A few months ago, I had the opportunity to hear a dynamic speaker at a conference. He had more energy than anyone I had seen in a long time. Just watching his animated presentation was highly entertaining, and then he mentioned his ADD in passing, which I figured was part of his package! His positive approach in advocating for all people with disabilities (or "possibilities", as he likes to say) to be employed was contagious. His premise is that there is no one who can't be employed, and he illustrated with an unbelievable story.
As a former special ed teacher, he was accustomed to looking for each student's strengths. He needed to find a job for a nonambulatory, nonverbal guy. His strength or ability? Blinking. That is literally all he could do. He studied this guy's likes and dislikes, and found that he loved loud, noisy places. Patrick, the speaker, found him a job in a busy copying center, where with a switch, powered by a blink, he could run copiers and collate! Imagine that. This man actually had to lie on the floor because of his disabilities, but he thoroughly enjoyed running his copier with his switch. Amazing.
Patrick Schwarz, the speaker, has books to his credit and has very unique ideas for the inclusive classroom. He also described several brilliant ways of helping kids transition to the next school. (That was my favorite part, since he took a kid who hated change to his new high school several times. He played basketball there with him with no one around, made sure he bought him a drink from the machine, and slowly introduced him to staff and classrooms. Voila! It was a beautifully smooth transition.)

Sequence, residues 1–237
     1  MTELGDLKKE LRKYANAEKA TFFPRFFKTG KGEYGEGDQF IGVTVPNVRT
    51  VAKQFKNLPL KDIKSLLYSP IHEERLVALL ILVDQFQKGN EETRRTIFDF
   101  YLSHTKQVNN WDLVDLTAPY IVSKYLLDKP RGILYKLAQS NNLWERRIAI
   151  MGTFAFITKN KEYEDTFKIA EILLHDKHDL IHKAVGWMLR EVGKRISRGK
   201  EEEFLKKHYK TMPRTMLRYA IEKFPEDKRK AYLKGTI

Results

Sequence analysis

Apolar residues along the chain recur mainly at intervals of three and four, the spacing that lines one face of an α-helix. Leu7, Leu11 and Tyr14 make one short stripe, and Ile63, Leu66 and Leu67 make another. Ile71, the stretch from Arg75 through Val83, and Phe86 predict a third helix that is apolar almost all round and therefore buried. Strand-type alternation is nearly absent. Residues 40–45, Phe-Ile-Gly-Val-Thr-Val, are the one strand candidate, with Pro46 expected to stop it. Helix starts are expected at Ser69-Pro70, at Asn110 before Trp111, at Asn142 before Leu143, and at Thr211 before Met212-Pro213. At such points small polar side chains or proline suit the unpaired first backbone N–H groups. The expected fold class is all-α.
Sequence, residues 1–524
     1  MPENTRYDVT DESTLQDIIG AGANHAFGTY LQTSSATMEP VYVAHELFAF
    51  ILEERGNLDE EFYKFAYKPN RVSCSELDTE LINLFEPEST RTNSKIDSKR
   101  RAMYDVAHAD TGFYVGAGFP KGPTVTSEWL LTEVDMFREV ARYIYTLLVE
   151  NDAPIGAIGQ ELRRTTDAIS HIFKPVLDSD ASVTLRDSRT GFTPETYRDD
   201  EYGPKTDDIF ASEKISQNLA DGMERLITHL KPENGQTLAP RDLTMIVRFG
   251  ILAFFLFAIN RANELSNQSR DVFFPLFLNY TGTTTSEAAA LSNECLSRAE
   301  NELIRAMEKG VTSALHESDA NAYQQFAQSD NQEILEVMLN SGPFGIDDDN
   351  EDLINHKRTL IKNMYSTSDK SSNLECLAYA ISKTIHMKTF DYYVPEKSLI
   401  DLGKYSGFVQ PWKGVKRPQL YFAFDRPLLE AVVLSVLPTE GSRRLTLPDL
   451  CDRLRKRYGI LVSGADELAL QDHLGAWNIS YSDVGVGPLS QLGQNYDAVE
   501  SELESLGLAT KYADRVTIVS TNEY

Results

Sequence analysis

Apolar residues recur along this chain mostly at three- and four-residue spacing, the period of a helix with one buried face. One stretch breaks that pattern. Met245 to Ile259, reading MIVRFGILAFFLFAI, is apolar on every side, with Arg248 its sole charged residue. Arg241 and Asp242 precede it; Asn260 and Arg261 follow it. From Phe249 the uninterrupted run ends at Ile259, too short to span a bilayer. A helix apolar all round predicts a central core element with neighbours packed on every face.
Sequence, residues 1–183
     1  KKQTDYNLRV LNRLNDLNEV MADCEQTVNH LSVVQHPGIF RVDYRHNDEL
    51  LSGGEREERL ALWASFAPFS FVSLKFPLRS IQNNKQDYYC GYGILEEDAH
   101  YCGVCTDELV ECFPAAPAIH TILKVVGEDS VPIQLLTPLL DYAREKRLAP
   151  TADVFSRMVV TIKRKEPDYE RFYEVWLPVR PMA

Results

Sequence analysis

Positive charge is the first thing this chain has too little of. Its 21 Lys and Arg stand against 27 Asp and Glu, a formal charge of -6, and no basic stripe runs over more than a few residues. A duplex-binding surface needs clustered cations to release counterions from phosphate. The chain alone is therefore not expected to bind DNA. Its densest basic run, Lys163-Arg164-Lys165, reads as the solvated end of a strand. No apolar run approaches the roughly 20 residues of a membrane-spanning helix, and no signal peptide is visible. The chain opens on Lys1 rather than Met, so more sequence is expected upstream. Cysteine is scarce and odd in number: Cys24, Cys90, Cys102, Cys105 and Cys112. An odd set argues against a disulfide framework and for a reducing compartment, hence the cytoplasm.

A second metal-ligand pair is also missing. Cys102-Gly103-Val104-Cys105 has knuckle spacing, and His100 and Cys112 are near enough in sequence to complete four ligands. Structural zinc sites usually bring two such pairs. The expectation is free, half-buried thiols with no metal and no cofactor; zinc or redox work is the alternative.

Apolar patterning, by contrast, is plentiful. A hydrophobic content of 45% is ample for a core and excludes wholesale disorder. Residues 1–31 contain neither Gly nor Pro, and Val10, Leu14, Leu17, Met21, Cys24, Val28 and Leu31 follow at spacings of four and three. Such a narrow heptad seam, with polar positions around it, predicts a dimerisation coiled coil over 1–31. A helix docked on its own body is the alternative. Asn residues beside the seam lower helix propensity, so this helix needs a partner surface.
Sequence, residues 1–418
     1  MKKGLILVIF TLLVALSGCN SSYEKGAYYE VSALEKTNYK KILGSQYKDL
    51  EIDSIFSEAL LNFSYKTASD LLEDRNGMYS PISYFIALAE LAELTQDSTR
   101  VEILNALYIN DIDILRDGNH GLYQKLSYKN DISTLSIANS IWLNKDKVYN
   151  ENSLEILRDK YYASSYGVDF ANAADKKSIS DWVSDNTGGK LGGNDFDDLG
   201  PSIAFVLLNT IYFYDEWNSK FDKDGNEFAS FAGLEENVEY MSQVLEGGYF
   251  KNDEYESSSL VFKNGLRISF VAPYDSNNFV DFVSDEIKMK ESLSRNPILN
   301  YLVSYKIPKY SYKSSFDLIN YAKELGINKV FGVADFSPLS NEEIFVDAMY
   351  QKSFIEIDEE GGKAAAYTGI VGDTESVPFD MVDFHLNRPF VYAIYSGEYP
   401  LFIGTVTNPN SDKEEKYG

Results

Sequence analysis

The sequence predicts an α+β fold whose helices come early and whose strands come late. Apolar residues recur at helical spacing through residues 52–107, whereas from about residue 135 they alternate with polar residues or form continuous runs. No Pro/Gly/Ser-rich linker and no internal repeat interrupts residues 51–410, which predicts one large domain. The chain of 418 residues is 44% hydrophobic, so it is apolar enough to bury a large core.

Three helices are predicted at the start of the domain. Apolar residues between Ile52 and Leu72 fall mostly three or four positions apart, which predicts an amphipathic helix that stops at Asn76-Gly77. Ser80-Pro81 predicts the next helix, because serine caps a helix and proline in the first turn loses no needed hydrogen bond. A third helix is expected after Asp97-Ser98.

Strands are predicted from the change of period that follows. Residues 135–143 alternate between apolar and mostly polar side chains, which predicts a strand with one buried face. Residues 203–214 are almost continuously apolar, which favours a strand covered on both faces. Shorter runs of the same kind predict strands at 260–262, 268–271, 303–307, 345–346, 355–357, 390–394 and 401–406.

One controversial idea he had was to always reward with the student's (or person's) passion. He was so emphatic on this topic. He told all about a noncompliant student who loved whales. They could get him to do nothing until Patrick discovered this love. Every positive behavior was then rewarded with a whale stamp or a chance to work the whale puzzle, and he blossomed into a very cooperative, hard working student. People I talked to wondered, though, if that would just further an obsession that might need to be extinguished or was inappropriate. I say if the behavior is undesirable enough, bring on the reward. What do you say?
You can check out Patrick Schwarz's website here.